The country erupted Monday as the nation’s mask mandate imposed upon travelers was struck down by a Florida judge who clearly “understood her assignment.”
U.S. District Court Judge Kathryn Kimball Mizelleon on Monday struck down the Centers for Disease Control and Prevention’s (CDC) rule that forced all travelers over the age of 2 to wear masks on airplanes, buses, trains and other modes of public transportation since February of last year.
The 59-page ruling called the mandate “unlawful,” and said the CDC overstepped its legal authority by imposing the mandate, bypassing the procedures required for agency rulemaking the judge wrote in her opinion.
The CDC extended its travel mask mandate several times and most recently, declared that it would continue to be in effect through May 3. The agency gave no scientific justification to support its decision — something the opinion noted.
After the ruling, a Biden administration official said, “TSA will not enforce its Security Directives and Emergency Amendment requiring mask use on public transportation and transportation hubs at this time.”
Several airlines, including United, Delta, Southwest, Hawaiian, Frontier, American and Alaska, issued statements saying masks are now optional. Amtrak said masks would no longer be required on trains and Uber and Lyft also dropped their masking requirements.
The plaintiffs in the lawsuit, Ana Carolina Daza and Sarah Pope, along with the Health Freedom Defense Fund (HFDF), a Wyoming nonprofit that stands for freedom of choice and bodily autonomy brought the challenge.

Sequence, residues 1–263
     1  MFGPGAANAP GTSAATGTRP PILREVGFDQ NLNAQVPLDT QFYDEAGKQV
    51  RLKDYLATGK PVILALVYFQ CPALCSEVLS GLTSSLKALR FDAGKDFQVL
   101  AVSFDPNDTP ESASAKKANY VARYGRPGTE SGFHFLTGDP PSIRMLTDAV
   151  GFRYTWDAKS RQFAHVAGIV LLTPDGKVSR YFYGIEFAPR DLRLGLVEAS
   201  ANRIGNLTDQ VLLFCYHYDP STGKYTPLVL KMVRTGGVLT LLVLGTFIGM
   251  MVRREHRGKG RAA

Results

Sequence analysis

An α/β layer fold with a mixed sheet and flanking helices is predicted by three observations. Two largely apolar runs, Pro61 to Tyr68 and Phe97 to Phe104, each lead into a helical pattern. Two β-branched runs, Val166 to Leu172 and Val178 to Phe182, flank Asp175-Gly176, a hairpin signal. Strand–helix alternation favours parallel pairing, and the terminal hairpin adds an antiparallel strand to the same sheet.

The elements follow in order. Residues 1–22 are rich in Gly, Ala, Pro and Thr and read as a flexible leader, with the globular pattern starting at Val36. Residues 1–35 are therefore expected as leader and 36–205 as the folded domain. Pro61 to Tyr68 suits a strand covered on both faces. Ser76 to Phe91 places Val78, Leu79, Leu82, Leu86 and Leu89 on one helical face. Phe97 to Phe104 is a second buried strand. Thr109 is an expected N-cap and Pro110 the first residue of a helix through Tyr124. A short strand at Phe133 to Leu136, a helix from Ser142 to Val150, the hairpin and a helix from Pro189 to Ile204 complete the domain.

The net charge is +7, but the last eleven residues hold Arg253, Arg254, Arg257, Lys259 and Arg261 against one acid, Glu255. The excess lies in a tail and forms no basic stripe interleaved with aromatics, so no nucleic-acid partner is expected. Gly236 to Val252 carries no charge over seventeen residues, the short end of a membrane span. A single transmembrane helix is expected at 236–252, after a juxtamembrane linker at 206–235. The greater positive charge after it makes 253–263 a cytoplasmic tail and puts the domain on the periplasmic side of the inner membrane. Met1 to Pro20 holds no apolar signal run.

HFDF said in a press release:
“Without any public comment, or serious scientific justification, CDC bureaucrats imposed a sweeping Travel Mask Mandate applying to every American over the age of two,” said HFDF President Leslie Manookian. “There are laws that set boundaries for federal agencies to protect individual freedom and the Court clearly found that CDC exceeded those limits. Unelected officials cannot do whatever they like to our personal freedoms just because they claim good motives and a desirable goal.”
The lawsuit was brought by HFDF and two individual Florida residents, specifically alleging that the CDC exceeded its statutory authority and failed to abide by the federal Administrative Procedure Act.
Despite the ruling, the CDC said it “recommends that people continue to wear masks in indoor public transportation settings,” while noting the administration is “assessing potential next steps.”
The travel mask mandate was one of the last remaining mask orders in effect as states across the country are waking up to the reality that masks do not work. The White House announced today it will not be appealing the ruling.